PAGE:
Sunday, August 18, 2019

On Dangerous Ground: The Postman Always Rings Twice (1946), Pushover (1954)




The Postman Always Rings Twice (Tay Garnett, 1946)

Lana’s lipstick rolls into the future, past 
Garfield, into a land where we forever grow 
bold, then punished for our pains. Where 
luscious legs and white shorts, suggest a 
sleazy tennis queen, rather than a bored hash-
slinger. Where instructions are such that not
even a postman can comprehend. An indelible 
mark in a city where door-bells are essential, but 
ill-used, whether twice, thrice or, if not, Ice. 
Where loose change clinks payment in kind, 
and firewater seeks its own Production Code. 
Chiming noblese oblige: the customary 
murder, a hint of sado-masochism, maladroit 
lawyers and insouciant insurance investigators. 
Living in a less than wholesome world, a sad 
universe ruled by sleight of hand, swerving 
whiffle balls and working stiffs. Where
cynical private replaces that indifferent insurance 
investigator, where Frank and Cora are guilty 
as sin, sentenced to tear each other apart. That's 
the American way, insisting the world be set to 
rights, but not caring about the consequences. 
To counter unfavorable publicity, Lana is 
photographed on the set with two-year-old Cheryl
Twelve years later, the blood seeps from Lana's
big dong gangster-boyfriend, the stains forming 
question marks of suspicion. Laughter at a post-
shoot party Lana presents Garnett with a fur-lined 
jock-strap, while the ambivalent Cain inscribes 
faint praise in a leather-bound copy of his novel: 
"For my dear Lana, thank you for a performance 
even finer than I expected." Though he had never
expected much. Surely, when the doorbell rings, 
hints of honesty disappears through the letter-box; 
with no special delivery, to assuage the weak,
second-class ignorant, or recalcitrant hoi-polloi.















Pushover (Robert Quine, 1954)

You don't have to be a sleaze-bag to carry a
torch for Kim, twenty-five years Fred's junior,
strutting that June-bugged street where you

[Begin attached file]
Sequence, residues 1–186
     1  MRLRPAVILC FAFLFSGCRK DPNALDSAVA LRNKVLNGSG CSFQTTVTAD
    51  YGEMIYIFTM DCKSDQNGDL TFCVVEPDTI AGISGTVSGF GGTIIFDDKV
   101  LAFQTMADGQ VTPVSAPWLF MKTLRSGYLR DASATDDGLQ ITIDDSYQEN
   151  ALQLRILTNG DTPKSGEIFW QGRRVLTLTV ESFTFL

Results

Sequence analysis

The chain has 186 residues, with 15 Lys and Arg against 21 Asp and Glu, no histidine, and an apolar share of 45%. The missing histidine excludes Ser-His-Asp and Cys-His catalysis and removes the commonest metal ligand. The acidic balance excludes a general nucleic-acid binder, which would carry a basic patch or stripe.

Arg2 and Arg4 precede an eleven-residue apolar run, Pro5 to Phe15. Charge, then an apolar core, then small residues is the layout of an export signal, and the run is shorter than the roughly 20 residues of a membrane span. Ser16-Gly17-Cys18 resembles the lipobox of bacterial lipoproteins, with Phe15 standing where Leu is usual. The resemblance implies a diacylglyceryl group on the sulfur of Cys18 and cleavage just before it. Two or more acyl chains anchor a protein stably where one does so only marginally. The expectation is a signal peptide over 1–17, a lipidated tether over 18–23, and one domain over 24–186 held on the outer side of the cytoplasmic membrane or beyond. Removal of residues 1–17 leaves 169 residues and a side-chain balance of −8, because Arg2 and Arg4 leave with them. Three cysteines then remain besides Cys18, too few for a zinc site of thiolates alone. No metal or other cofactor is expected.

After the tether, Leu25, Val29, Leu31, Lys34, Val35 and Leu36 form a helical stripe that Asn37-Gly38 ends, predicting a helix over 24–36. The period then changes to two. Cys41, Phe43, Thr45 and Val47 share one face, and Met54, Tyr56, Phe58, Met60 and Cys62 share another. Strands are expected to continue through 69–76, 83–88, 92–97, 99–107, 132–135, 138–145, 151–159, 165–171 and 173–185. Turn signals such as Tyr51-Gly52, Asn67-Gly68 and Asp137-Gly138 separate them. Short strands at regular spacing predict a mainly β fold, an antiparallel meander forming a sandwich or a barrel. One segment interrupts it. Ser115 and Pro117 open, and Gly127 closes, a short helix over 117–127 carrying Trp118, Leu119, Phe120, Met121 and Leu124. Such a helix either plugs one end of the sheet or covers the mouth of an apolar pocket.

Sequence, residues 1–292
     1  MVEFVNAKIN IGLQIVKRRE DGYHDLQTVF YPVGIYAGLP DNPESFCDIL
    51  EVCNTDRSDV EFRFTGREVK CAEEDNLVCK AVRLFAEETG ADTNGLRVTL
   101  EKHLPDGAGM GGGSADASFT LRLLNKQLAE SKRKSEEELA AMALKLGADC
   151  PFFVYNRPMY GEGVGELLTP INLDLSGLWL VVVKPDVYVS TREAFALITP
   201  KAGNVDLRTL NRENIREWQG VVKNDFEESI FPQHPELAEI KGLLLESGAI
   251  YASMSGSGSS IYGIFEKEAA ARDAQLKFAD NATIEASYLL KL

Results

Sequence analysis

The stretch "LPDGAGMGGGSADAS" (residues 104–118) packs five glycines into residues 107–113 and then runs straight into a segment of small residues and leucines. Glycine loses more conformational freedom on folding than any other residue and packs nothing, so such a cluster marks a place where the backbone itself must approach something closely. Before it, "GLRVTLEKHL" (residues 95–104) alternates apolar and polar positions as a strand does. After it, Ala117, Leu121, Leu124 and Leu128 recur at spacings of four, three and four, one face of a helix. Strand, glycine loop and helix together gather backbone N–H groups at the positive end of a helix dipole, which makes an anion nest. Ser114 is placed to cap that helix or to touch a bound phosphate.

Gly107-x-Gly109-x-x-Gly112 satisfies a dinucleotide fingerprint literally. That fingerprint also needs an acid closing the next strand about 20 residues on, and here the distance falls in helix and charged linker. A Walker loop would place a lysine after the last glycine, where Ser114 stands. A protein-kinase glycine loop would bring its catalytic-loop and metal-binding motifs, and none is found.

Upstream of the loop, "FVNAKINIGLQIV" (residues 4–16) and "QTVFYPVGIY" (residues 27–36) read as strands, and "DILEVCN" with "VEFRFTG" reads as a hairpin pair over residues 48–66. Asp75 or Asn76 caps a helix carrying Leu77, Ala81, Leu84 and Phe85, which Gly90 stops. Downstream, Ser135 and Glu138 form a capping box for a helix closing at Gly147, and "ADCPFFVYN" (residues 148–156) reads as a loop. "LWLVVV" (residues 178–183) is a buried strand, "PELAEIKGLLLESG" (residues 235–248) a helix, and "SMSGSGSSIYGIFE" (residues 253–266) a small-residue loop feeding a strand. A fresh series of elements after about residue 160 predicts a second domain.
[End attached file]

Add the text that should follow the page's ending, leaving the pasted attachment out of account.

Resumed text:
live. A cop with a hard-on, so why wouldn't
she keep him on a short lead, playing him for 
far more than he's worth. Anything to off her 
crooked boyfriend, grab the cash and fade like 
bad surf. With the line: “Money isn’t dirty, just 
people.” Yeah, but,  if it isn't dirty, why bother 
to launder it? Reeling him in, the bait and 
switcheroo, forget the dosh, it's really love. 
That might play in Azusa, but it's a sucker-punch 
on the demeaning streets of Burbank, a push-over,
knowing it's only money through which  he can 
possess- I mean, own- her. That story has been 
rehashed so often it might as well arrive with 
its own breakfast menu. Looking up at her, 
the wounded Fred says: “We really didn’t need 
the money, did we?" Kim scoffs, would that be
rhetorical, or you just happy to see me. Stopping 
short of stupidity, not quite laughing, much less
spitting, in his face. A scene straight out of 
The Indiscreet Charms of the Petit-Bourgeoisie. 
But, wait, one mustn't ignore the sub-plot: Dorothy 
Malone, stalked and spied upon by another cop, 
the weird Phil Carey, who works overtime to turn 
Dorothy into a suburban homemaker. No wonder 
it's not to him, but her hostage taker, the wounded 
MacMurray,  to whom she scurries. As though 
Stockholm Syndrome has become a cultural 
necessity. A revealing moment, but no more so than 
Kim’s dress, an ideal commodity for scum-sucking 
purveyors of public decency, or those who seek 
clean surfaces,  in a Pat and Mamie kind of way.

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